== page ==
CAPE CANAVERAL, Fla. (Reuters) – NASA's chief hired hire in April to guide strategy to bring astronauts back to the moon by 2024 and resigned, the space agency said on Thursday, the outcome of the internal submission and a reduction in proportionate support for the lunar initiative.
Mark Sirangelo, who was named six weeks ago as a special assistant for NASA Administrator Jim Bridenstine, left the agency as NASA abandoned an organized plan because of a cold reception on Capitol Hill, said Bridenstine in a statement.
Two people close to the space program who were aware of the fact that Sirangelo was escorted from NASA's headquarters in Washington after his resignation.
Its departure came after the NASA proposal was rejected by lawmakers to create a separate directorate within the space agency to oversee future moon missions and ultimately develop Mars' s exploration.
“The proposal was not accepted at this time, so we move forward under our current organizational structure within the Directorate of Human Exploration and Operations Mission,” said Bridenstine.
“As NASA is no longer undertaking the new mission of the mission, Mark chose to pursue other opportunities,” he said.
The Trump administration last week asked Congress to increase $ 1.6 billion to NASA's spending next year to meet the accelerated target of bringing Americans back on the moon by 2024 – more t more than half a century after the elimination of a lunar program.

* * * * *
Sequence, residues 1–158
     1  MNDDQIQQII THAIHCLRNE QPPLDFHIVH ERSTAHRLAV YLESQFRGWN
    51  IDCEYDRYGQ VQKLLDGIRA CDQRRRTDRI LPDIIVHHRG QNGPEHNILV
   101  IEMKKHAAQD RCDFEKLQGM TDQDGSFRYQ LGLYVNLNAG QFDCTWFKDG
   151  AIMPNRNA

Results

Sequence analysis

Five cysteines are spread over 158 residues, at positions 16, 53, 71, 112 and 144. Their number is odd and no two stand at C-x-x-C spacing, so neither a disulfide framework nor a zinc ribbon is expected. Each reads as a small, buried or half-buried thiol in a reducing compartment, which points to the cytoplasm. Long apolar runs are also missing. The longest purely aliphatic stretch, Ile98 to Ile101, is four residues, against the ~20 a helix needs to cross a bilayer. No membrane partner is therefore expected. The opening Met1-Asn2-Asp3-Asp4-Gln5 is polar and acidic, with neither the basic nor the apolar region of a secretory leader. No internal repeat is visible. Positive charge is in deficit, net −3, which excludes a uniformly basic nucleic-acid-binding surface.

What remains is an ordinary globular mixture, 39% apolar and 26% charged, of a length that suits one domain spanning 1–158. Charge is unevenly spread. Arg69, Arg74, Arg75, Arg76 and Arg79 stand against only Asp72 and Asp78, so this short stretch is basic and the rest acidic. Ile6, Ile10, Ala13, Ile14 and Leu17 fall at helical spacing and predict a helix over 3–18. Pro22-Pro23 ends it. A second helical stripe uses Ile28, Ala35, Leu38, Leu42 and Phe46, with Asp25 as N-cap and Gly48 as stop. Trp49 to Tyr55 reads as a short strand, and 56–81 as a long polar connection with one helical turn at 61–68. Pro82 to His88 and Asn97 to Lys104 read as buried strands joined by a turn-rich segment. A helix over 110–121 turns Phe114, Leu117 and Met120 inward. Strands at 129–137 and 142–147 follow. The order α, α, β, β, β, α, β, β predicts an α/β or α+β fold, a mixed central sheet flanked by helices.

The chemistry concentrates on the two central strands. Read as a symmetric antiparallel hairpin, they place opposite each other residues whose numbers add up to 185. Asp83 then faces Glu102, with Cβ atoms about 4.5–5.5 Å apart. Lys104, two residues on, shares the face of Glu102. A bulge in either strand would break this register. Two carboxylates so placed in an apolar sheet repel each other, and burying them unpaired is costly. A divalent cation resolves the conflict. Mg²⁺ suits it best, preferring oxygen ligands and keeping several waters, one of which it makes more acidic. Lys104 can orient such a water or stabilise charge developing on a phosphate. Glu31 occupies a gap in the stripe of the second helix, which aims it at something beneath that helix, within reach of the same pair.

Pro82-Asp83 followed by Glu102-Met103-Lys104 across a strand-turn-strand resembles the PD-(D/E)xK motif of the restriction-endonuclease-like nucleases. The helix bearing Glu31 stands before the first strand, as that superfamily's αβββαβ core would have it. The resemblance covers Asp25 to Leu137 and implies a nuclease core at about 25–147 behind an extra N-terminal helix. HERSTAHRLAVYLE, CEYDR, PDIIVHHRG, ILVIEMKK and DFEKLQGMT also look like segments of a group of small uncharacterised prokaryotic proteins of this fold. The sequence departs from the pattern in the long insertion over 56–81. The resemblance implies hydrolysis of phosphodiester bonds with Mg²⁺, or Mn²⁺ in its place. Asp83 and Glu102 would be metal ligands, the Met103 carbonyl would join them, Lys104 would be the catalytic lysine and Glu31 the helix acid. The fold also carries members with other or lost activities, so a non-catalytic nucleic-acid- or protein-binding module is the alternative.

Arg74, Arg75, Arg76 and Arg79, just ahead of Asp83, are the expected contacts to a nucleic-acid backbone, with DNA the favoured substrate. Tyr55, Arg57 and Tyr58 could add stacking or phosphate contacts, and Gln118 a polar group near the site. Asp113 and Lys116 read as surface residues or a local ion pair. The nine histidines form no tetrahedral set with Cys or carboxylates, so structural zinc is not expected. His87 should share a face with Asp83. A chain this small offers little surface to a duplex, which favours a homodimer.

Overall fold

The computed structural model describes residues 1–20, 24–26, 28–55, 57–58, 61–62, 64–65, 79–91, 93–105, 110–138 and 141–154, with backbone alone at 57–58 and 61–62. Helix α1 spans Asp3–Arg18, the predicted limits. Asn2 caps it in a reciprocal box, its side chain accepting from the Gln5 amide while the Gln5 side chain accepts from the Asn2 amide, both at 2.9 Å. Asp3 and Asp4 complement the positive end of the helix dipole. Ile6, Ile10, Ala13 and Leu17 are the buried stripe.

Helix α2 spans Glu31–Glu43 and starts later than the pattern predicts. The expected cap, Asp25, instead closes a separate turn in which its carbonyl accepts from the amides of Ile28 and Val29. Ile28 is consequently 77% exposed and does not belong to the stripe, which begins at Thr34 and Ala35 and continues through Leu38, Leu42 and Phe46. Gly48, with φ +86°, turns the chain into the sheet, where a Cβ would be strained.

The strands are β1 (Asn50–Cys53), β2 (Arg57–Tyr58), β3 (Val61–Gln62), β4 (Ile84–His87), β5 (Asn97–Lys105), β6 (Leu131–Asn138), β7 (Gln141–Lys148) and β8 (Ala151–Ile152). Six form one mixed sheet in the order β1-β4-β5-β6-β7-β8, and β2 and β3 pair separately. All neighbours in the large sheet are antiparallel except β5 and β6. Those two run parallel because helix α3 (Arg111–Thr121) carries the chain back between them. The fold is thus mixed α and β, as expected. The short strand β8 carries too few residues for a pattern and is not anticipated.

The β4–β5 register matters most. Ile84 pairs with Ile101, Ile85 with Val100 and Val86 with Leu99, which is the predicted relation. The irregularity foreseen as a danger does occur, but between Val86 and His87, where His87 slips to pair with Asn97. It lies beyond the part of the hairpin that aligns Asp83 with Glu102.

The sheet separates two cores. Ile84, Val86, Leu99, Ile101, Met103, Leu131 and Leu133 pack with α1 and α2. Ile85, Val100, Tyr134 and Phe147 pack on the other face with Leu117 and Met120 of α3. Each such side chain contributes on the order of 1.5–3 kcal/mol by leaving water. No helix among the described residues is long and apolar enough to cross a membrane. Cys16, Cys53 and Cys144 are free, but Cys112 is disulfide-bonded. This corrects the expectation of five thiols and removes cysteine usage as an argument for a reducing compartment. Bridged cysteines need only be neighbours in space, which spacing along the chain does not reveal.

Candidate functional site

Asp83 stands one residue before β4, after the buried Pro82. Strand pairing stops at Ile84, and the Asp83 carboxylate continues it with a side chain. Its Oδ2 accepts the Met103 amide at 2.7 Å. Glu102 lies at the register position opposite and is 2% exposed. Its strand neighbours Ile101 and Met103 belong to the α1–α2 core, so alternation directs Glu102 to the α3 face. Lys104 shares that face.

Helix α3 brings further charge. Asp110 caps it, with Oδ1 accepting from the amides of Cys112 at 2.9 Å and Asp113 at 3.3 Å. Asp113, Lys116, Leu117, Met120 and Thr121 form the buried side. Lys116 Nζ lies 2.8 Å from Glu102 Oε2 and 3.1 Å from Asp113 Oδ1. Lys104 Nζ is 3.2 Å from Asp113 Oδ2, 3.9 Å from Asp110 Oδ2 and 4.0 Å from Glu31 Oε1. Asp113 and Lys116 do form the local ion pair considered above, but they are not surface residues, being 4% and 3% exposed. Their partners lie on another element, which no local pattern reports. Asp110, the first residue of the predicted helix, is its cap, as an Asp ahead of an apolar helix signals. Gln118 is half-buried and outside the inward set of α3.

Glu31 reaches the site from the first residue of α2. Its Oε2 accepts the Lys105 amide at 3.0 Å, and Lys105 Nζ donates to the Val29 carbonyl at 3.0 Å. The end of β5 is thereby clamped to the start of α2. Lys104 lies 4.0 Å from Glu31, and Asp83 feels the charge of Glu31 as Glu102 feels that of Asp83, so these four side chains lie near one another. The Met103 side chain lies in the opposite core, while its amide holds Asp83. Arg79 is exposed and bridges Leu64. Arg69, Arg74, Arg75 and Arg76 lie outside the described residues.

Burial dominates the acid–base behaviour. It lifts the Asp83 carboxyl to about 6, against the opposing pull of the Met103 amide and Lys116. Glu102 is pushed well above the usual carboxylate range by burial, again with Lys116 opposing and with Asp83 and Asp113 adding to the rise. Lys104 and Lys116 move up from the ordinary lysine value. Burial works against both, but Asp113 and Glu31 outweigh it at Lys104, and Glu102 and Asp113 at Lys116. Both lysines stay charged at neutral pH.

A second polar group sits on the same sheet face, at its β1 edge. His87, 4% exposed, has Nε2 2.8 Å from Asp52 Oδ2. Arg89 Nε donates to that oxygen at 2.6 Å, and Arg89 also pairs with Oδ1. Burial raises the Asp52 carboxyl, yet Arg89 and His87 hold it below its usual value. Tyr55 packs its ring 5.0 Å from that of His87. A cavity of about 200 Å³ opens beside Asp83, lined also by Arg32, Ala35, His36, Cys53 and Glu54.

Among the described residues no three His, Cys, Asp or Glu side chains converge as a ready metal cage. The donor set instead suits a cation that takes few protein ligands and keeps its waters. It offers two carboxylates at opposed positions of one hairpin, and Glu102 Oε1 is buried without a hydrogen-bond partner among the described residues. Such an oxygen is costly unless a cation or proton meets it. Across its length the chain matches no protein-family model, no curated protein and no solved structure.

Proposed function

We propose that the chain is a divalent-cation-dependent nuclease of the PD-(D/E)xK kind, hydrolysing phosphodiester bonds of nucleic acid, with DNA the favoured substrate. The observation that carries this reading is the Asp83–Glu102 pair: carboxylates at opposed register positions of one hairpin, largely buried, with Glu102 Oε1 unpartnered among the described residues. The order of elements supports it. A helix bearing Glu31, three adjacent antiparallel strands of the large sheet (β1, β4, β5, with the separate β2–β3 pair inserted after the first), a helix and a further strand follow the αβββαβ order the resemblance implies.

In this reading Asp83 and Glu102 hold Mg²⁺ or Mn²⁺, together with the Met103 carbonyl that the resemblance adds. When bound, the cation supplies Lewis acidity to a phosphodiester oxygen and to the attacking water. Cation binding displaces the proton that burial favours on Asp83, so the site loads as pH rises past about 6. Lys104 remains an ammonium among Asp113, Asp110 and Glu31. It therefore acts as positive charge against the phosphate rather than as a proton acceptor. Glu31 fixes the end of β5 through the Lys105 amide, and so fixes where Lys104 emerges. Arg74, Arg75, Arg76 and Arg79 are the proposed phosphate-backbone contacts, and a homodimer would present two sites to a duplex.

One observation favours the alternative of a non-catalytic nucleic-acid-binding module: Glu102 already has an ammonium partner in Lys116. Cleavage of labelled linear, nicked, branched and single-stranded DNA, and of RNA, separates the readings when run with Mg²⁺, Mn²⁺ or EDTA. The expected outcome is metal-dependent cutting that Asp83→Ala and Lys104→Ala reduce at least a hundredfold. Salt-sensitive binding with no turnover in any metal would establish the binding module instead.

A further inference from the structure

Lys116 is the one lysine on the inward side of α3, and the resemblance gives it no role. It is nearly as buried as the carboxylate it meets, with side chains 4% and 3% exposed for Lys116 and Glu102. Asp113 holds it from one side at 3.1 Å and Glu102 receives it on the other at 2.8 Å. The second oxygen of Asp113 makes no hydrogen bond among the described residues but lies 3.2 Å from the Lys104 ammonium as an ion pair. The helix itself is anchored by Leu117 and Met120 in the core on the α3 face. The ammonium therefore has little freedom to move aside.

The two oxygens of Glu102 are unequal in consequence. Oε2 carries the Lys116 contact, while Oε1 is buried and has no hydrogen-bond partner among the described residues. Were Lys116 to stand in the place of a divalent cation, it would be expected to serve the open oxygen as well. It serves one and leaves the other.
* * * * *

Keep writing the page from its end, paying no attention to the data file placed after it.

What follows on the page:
The latest initiative was given the title of Artemis, after the goddess of debt and the moon in Greek mythology and two Apollo sisters.
NASA aimed to return crew spacecraft to the moon surface by 2028, having installed a “Gateway” station in orbit around the moon by 2024. However, there was little enthusiasm for the additional funding. from congressional appropriations.
The two people who knew the subject said that Sirangelo's ouster was released with greater doubt that 2024 was a realistic deadline for astronauts landing back on the moon.
Bridenstine said on Thursday that the space agency was still investigating what organizational changes within NASA's current structure were “necessary to maximize efficiencies and to end the first woman and the next man on the moon by 2024). . ”
NASA announced earlier on Thursday that it chose the space technology company, Maxar Technologies Inc, as the first contractor to help build the “Gateway”.
Reported by Joey Roulette at Cape Canaveral, Fla. Additional reporting by Elizabeth Culliford in New York Editing by Steve Gorman and Clarence Fernandez
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